Extending to over ten thousand acres, the Reynolds Lake Oconee property – formerly known as Reynolds Plantation – is an old family hunting and fishing retreat that now operates as an enormous residential and resort development just over an hour’s drive east of Atlanta.
The Oconee River was dammed in 1979 to create a massive reservoir, around which the Linger Longer development company sold plots of land for housing, constructing six golf courses during the 1980s and 1990s to attract potential buyers to build along the 90 miles of Lake Oconee shoreline. A 251-room Ritz-Carlton lakeside resort and spa appeared in 2002.
Bob Cupp designed the first two Reynolds courses (Reynolds Landing and Plantation) and they opened for play in the late 1980s. The 18-hole Great Waters layout was next to be unveiled by Jack Nicklaus in 1992, followed by a 27-hole Tom Fazio track (The National) five years later. Rees Jones added the Oconee course in 2002, with the Jim Engh-designed private Creek Club making its debut in 2007.
Host to the Anderson Consulting World Championship of Golf from 1995 to 1997, the Great Waters course is routed close to the sparkling waters of the lake (where almost all the holes on the back nine are situated) and the 186-yard inlet-crossing 14th is regarded as one of the best par threes in the Peach State.
All the greens and bunkers were upgraded in 2009, restoring the shapes and sizes to the original Golden Bear specifications. A major improvement involved the changeover of turf on all the putting surfaces, which were converted from bentgrass to Bermuda.
Great Waters will be renovated again in June
2018, led by Nicklaus Design associate Chad Goetz. New greens, bunkers, tees
and water features will be installed. According to Rabun Neal, president of
Reynolds Lake Oconee: “Our desire is to keep the course true to Mr. Nicklaus’s
original vision while modernizing the course where appropriate - and prudent -
and adding length where available.” Great Waters will re-open in autumn 2019 and
we expect the acclaimed Nicklaus Signature layout to rise in our 2020 rankings.
When Great Waters first opened it showed a side of Jack Nicklaus as a golf course designer that was quite refreshing. Up to that point a good number of Golden Bear efforts were courses that required a heavy lift for those who could loft irons high into the air like the great man did countless times in winning 18 major championships. The layout just went through an upgrade in 2018 and the overall balancing act of challenge and playability has been smartly done.
There's sufficient width so varying handicap levels can manage the journey. And, the approaches into the green do provide for different strategic options.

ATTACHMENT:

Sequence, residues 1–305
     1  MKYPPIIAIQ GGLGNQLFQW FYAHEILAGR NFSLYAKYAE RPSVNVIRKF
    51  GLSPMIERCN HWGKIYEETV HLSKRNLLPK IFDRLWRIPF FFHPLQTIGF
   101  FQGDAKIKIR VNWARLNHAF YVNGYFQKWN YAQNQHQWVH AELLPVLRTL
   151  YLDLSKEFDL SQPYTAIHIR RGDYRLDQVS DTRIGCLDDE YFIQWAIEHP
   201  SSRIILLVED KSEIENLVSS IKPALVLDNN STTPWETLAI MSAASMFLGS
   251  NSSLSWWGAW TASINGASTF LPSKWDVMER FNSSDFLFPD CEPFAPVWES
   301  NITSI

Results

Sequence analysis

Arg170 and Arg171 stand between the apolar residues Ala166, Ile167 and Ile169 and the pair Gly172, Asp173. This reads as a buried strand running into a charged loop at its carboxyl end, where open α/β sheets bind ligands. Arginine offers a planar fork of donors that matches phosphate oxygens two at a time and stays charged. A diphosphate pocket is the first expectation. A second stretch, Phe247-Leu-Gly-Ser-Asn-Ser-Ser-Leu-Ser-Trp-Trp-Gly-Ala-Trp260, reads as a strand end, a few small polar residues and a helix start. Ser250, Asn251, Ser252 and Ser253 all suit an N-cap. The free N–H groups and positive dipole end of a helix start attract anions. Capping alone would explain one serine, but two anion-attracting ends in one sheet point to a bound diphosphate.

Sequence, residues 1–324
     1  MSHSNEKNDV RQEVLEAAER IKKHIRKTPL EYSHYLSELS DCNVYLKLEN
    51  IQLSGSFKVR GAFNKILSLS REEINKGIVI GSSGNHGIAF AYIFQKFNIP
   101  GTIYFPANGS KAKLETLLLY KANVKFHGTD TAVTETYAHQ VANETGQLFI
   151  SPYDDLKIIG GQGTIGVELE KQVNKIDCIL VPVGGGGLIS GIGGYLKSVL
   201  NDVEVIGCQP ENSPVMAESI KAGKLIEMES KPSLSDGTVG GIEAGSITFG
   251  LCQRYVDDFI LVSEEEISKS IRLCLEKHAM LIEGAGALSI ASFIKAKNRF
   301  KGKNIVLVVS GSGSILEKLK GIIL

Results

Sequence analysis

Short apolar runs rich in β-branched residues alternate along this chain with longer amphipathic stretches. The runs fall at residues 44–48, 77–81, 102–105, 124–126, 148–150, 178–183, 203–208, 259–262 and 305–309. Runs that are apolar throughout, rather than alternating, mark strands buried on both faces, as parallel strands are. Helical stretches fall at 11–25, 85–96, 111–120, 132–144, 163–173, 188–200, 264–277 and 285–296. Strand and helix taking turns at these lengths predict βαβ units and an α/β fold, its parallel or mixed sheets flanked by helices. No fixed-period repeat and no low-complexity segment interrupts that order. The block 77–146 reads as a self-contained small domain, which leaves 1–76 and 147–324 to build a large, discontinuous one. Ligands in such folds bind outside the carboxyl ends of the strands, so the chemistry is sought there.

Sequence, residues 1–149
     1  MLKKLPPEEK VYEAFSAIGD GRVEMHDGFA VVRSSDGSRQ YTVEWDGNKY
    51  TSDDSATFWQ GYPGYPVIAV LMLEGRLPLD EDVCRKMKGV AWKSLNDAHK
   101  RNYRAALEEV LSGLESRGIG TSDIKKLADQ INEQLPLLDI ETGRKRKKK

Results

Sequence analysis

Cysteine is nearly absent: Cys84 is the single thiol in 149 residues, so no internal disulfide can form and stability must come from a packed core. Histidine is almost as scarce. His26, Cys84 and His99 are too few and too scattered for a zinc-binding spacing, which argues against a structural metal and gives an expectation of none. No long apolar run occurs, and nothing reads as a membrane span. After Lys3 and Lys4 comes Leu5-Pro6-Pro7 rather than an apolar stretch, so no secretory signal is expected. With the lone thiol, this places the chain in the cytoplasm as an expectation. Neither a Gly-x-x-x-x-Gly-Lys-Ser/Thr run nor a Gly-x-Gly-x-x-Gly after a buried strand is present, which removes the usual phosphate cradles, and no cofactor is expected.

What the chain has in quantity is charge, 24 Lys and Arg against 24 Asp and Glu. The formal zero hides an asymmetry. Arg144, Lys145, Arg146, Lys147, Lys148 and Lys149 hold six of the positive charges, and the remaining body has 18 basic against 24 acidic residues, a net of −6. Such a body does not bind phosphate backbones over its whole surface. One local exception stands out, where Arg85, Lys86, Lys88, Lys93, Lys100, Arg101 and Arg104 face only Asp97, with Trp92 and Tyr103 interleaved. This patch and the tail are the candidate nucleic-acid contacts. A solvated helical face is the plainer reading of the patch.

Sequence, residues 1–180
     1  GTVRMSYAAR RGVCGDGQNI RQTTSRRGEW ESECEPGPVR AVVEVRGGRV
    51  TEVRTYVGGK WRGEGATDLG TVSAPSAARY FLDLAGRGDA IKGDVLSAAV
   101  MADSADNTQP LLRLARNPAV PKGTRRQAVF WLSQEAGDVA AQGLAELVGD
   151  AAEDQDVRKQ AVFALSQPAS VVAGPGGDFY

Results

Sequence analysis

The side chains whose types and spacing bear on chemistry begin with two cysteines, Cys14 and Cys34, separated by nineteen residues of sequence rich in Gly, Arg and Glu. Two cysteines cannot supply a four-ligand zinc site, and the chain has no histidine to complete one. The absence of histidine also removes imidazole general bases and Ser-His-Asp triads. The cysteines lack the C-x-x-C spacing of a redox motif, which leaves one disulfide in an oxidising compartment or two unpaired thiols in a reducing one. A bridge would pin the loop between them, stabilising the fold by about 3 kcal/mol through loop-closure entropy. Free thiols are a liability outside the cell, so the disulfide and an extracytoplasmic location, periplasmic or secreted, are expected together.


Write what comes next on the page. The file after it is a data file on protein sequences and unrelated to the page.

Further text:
While the outward nine works its way through a wooded area the usage of a meandering creek is especially done well. The par-4 5th is one of the best holes at the complex but often gets lost because so much attention is paid to the holes nearest to the lake. At 422 yards you need to avoid the creek down the left side and then as it swings in front of the green. There was no need to add a bunch of clutter because the qualities the hole has are more than enough.
The inward half is much close to the Lake and the short par-4 11th is the type of hole that Nicklaus really has opted to include on many of his efforts post Great Waters. There's plenty of risk / reward and the green is brilliantly angled with bunkers and different contours to contend with on one's approach. When the pin is flush to the far left it takes a deft touch with a wedge to get near the pin.
The inward half moves in all sort of directions -- the change of pace is always present and the different shots you'll need to hit is quite diversified without being dependent on excessive length as its main deterrent.
The ending holes provide for a quality closing -- a healthy combination of par-4, par-3 and par-5 to conclude the round. The closing par-5 allows for the boldest of plays but will only reward when the highest level of execution is summoned.
All in all, Great Waters fits the bill properly -- a quality test but no way is it a boorish slog. The routing uses the land for what it provides and does not get into the bombardment of man-made features which Jack often used in many of his earliest efforts. While the course did receive plenty of attention when it first opened -- I believe many now may not realize just how good the course still is today.
Given the dollars invested into the entire property -- I believe it's fair to say Reynolds sits only behind the likes of Pinehurst as the best overall resort north of Florida, south of DC and east of the Mississippi.
M. James Ward